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article imageSouth Africa Commemorates Remembrance Day with special theme Special

By Christopher Szabo     Nov 14, 2010 in World
Johannesburg - South Africans from around the country recalled the dead of wars and conflicts on Remembrance Sunday with the main commemoration being held in Johannesburg at the Cenotaph. Remembrance Day has been held here for 90 years.
This year’s theme, as Digital Journal observed, was dedicated to people from the Indian subcontinent who first arrived in South Africa exactly 150 years ago. Johannesburg’s Deputy Mayor, Parks Tau said:
Each year a different theme has been highlighted for Remembrance Day. The focus for this year falls on the 1860 anniversary marking 150 years of the arrival of Indians in South Africa. The fact that people of Indian origin are celebrating the 150th anniversary of their arrival in this country is something all South Africans should know and participate in. In a similar manner, we should know one another’s history in this country, to understand and appreciate …our many cultures and identities.
Volunteer organisations march past the Cenotaph on Remembrance Sunday.
Volunteer organisations march past the Cenotaph on Remembrance Sunday.
Janet Szabo, used with permission.
Tau described the formation, during the Anglo-Boer War, of the Indian Ambulance Corps founded by Mohandas Gandhi. Initially, he was a loyal British subject. But later, again as a humanitarian worker, he gave aid to the wounded of the Bambatha Rebellion, a Zulu uprising of 1906. Gandhi was deeply shocked at the brutality meted out to Zulus by the British. Later, Nelson Mandela would say of this incident:
British brutality against the Zulus roused his soul against violence as nothing had done before.
A horse of the South African Police Service Mounted Unit with a mind of its own!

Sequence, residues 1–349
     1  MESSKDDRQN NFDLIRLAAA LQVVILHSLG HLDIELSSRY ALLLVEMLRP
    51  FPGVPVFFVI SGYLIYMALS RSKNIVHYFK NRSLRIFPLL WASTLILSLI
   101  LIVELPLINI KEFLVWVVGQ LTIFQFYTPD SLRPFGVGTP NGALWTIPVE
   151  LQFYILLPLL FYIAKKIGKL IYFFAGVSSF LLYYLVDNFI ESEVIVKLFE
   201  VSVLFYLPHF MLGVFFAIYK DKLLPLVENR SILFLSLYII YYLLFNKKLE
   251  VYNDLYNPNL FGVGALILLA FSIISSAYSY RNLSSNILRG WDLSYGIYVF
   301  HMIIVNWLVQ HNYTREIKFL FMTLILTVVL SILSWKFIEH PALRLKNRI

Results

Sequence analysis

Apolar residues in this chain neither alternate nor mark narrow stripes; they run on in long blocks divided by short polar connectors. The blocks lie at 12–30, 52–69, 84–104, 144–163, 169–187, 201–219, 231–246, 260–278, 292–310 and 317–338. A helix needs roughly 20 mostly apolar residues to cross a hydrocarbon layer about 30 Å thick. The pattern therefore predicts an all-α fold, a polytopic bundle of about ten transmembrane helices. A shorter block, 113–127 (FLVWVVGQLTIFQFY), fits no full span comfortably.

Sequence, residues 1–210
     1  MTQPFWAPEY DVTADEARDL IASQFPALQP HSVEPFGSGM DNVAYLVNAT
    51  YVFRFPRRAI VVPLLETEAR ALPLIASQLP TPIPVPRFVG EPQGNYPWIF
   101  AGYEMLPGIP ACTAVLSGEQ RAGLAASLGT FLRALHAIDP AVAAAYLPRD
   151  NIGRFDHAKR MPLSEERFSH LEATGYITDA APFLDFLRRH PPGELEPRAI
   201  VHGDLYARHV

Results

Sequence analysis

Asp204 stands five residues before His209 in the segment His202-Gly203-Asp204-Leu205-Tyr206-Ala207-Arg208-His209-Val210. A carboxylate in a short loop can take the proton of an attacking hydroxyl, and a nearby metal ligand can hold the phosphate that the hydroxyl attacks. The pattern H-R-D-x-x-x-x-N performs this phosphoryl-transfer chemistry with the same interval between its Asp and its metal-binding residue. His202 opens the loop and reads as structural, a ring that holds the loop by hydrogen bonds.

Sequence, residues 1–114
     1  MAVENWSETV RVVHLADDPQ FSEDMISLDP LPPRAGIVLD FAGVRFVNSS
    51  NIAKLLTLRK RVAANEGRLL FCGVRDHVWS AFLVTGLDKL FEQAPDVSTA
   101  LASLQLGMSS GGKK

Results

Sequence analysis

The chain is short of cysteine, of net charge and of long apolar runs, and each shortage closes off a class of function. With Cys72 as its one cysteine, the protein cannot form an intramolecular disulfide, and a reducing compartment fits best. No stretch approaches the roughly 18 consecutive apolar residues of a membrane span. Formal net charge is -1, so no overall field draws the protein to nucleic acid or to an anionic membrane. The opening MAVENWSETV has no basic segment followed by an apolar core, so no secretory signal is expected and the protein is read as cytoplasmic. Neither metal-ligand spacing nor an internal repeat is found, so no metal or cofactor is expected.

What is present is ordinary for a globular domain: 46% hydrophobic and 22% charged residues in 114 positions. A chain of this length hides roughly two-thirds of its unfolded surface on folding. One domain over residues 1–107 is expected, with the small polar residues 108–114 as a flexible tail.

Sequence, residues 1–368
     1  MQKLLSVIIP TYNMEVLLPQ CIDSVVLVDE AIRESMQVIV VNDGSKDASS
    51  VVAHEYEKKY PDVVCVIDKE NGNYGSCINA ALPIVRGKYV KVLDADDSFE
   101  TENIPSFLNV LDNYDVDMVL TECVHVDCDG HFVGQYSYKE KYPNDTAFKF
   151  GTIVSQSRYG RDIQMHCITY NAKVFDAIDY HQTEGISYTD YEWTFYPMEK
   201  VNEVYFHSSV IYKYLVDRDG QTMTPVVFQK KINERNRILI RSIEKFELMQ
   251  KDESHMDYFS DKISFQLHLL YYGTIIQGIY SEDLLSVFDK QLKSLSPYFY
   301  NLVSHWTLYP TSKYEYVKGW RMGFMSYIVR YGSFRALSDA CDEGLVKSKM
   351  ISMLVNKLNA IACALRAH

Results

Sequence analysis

A horse of the South African Police Service Mounted Unit with a mind of its own!
Janet Szabo, used with permission.
This year numerous colourful regiments and regimental associations were represented, including the Transvaal Scottish, the South African Irish Regiment, as well as Regular and Reserve Force elements of the South African National Defence Force (SANDF).
The South African Irish Regiment s pipes and drums march past.
The South African Irish Regiment's pipes and drums march past.
Janet Szabo, used with permission.
The Transvaal Horse Artillery provided a six gun salute which rattled both the windows and the unready. The senior South African officer present was Chief of the Army, Lieutenant General Solly Shoke. Other groups represented included the Boy Scouts, Girl Guides, SA Red Cross, EMS units and youth volunteer groups.
The Transvaal Horse Artillery fires a six gun salute which rattled windows in downtown Johannesburg!
The Transvaal Horse Artillery fires a six gun salute which rattled windows in downtown Johannesburg!
The military attaches of France, the United Kingdom and India laid wreaths.
Local choirs singing A capella gave a beautiful African flavour to the commemorations.
Local choirs singing A capella gave a beautiful African flavour to the commemorations.
Building thunderclouds threatened the event but fortunately waited until after the singing of the National Anthem before dumping their much-needed rain on a parched Gauteng Province.
Members of the Johannesburg Regimental Association held their flag for photographer Janet Szabo.
Members of the Johannesburg Regimental Association held their flag for photographer Janet Szabo.
Janet Szabo, used with permission.
The event was also commemorated at the Union Buildings in Pretoria and on Adderley Street in Cape Town. The Johannesburg event was broadcast live on the South African Broadcasting Corporation’s SAFM channel nationwide and was shown on various channels of SABC Television in the evening news.
 Gone to flowers  every one . Perhaps the human race will indeed never learn. Poppy wreaths were pro...
"Gone to flowers, every one". Perhaps the human race will indeed never learn. Poppy wreaths were prominent this year.
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